Boris Johnson’s ‘anti-Africa’ past resurfaces: Struggles to defend racist Winston Churchill’s heroic legacy!

Alagi Yorro Jallow.
Fatoumatta: Alexander Boris Johnson, the prime minister of the United Kingdom, was angry that Black Lives Matter protesters tampered with Winston Churchill’s statue following a global protest against police bestiality and police brutality against black people as endemic structural racism in America and Europe exists following the murder of George Floyd.
Fatoumatta: A February 2, 2002 article has the title: ‘Africa is a mess, but we cannot blame colonialism.’ The author, Boris Johnson, wrote that piece as a newspaper editor and columnist. Today, the man who is the Prime Minister of Britain saw Africa and Africans as a horrid blot – a dark mark, a stain, dirt. However, Johnson would forcefully argue that the poverty of everything in Africa should stop being seen as a blot on the conscience of the West because of colonialism. Whatever Africa suffers is either self-created or its destiny – which is worse. Johnson’s solution to the black man’s eternal retardation is recolonization, which he hinted was needed if Africa would ever be useful for anything and for anyone, including itself. “The problem (of Africa) is not that we were once in charge, but that we are not in charge anymore. The best fate for Africa would be if the old colonial powers, or their citizens, scrambled once again in her direction, thinking that this time they will not be asked to feel guilty.” I am not sure if black dudes who kill themselves and others to live in Europe would squirm at his suggestion.
Prime Minister Johnson Born June 19, 1964, the Gambia became independent from his country for less than a year; Johnson is today the British Prime Minister. Moreover, there is an ongoing debate in his country on whether he still holds on to those 2002 views about recolonizing the continent in order to save it. We will be shocked if Boris Johnson has stepped away from his recolonization pill for the black man’s headache.
Fatoumatta: The white world has, in recent weeks, been assisting in reevaluating black lives. They have joined blacks to shout ‘Black Lives Matter’ as the world agonizes over deadly racism abroad. However, how much value do the blacks place in their own lives, especially in Africa? Is it the destiny of the black man to suffer and be pitied from eternity to eternity?
The black man was the one who suffered slavery, and the slave trade more than anyone else. The black man is the one whose experience of colonialism will rankle forever, even when other victims have outlived that past. The Balck Live Matters protestors called Wiston Churchill’ racist,’ and Prime Minister Johnson was livid. Boris Johnson warned that no one should attempt to ‘censor’ or ‘edit’ his country’s past and history. He was probably right. Every nation has its idea of ‘right’ and ‘wrong’ and of who a hero is, and should be. We blame colonialism and colonialists for our woes, but slavery came before colonialism, and some black persons’ ancestors built fame, name, and wealth from buying and selling their neighbors’ children.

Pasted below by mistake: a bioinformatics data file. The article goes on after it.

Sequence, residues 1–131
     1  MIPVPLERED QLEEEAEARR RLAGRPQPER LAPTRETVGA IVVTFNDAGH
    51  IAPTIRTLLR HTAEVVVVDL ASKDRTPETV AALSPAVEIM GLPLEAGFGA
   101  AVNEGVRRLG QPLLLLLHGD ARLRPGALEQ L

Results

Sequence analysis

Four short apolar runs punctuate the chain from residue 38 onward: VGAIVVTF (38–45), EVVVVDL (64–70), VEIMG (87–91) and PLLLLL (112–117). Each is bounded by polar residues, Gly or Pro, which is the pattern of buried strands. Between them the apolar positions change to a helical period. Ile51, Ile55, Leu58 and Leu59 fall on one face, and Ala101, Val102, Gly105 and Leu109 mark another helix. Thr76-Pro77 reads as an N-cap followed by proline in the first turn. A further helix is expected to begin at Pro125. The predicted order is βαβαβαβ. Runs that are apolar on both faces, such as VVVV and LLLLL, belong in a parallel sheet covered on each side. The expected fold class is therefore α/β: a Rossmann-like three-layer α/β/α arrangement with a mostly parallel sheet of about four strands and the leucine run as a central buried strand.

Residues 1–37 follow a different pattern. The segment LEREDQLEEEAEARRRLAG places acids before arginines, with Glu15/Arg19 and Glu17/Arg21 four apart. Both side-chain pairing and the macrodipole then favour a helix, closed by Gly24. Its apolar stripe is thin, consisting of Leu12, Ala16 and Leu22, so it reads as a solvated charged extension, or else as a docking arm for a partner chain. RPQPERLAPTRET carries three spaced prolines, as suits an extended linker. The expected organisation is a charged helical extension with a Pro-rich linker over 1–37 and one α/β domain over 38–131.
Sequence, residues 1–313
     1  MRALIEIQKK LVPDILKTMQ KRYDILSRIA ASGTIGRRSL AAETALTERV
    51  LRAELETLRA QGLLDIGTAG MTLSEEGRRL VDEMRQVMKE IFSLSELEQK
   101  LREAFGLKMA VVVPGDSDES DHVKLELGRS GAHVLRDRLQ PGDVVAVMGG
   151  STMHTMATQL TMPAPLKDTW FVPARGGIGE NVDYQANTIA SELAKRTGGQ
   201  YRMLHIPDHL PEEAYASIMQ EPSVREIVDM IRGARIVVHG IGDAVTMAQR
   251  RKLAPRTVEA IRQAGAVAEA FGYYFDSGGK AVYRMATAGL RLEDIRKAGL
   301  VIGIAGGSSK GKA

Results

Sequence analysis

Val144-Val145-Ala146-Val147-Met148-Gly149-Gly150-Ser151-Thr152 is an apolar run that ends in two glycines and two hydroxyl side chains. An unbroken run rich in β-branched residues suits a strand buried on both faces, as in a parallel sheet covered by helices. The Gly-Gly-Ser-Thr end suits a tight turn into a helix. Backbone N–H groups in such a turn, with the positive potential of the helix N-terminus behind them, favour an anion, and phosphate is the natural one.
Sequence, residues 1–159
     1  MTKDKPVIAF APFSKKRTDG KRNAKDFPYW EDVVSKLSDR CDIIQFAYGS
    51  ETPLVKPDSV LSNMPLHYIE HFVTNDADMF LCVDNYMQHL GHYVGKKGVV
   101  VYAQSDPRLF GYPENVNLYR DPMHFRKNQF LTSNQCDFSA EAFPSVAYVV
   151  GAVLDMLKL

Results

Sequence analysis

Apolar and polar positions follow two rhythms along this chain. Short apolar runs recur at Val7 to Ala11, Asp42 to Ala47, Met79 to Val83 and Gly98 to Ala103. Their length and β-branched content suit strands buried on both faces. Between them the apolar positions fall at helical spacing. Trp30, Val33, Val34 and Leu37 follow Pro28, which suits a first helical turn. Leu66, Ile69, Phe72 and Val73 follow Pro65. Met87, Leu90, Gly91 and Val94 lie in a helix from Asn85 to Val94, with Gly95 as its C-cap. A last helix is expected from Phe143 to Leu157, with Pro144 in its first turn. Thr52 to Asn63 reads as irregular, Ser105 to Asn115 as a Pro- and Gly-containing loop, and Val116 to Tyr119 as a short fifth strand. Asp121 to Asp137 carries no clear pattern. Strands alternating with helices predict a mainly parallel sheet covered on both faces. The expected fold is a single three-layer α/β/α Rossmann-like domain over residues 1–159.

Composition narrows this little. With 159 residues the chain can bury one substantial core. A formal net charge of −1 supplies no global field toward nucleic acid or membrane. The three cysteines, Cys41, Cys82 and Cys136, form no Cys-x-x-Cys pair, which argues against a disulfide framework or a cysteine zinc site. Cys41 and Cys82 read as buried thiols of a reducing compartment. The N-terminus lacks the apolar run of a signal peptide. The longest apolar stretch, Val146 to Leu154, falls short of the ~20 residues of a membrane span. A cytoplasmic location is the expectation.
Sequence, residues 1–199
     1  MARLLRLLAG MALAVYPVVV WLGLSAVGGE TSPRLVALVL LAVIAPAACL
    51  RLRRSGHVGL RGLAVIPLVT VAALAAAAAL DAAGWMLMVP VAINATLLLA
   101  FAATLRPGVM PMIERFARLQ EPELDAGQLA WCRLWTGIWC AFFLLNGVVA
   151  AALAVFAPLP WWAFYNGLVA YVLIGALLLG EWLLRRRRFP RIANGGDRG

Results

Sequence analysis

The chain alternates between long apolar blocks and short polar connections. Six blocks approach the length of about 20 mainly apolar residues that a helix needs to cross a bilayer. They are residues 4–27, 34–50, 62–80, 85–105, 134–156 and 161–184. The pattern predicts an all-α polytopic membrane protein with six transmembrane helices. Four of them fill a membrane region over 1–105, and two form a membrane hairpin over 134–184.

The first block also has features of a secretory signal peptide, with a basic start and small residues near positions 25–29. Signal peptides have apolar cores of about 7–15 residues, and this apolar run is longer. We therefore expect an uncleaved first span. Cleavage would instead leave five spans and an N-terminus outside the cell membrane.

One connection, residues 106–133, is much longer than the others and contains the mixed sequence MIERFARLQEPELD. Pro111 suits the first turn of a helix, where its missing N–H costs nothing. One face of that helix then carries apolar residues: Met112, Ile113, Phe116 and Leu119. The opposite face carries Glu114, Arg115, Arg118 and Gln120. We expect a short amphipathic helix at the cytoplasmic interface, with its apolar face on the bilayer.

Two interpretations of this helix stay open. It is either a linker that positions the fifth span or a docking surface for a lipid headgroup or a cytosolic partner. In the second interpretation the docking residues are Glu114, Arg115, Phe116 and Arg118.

Fatoumatta: Most Britons have only just found out who Prime Minister Winston Churchill is. After all, the slave trade has been erased from Britain’s self-image — along with colonialism. Vandalism is to be deplored, but it has forced Britain to remember and confront its culpability in crimes against humanity.
Fatoumatta: The British came to one of the most prosperous continents in the world and over 200 years of exploitation, loot, and destruction, reduced it to a poster child for third world poverty. Churchill is a man the British would have us hail as an apostle of freedom and democracy when he has as much blood on his hands as some of the worst genocidal dictators of the 20th century.
British writer Laurie Penny, “young Britons of every class, have no idea about our colonial past” as the “graphic facts of what the British did around the world, including to the people of this country” had been deliberately concealed from them “The crimes of the British over 400 years of pillage and conquest is something that we do not like to think about, and yet it is everywhere in modern British history,” she said.
Moreover, we still enjoy the perks, generation to generation. How many of the local enablers of slavery and slave trade and other historical wrongs face protests in Africa? Furthermore, after slavery and colonialism, have we not created a more virulent local strain of slave owners and taskmasters to whom we daily pour libations?

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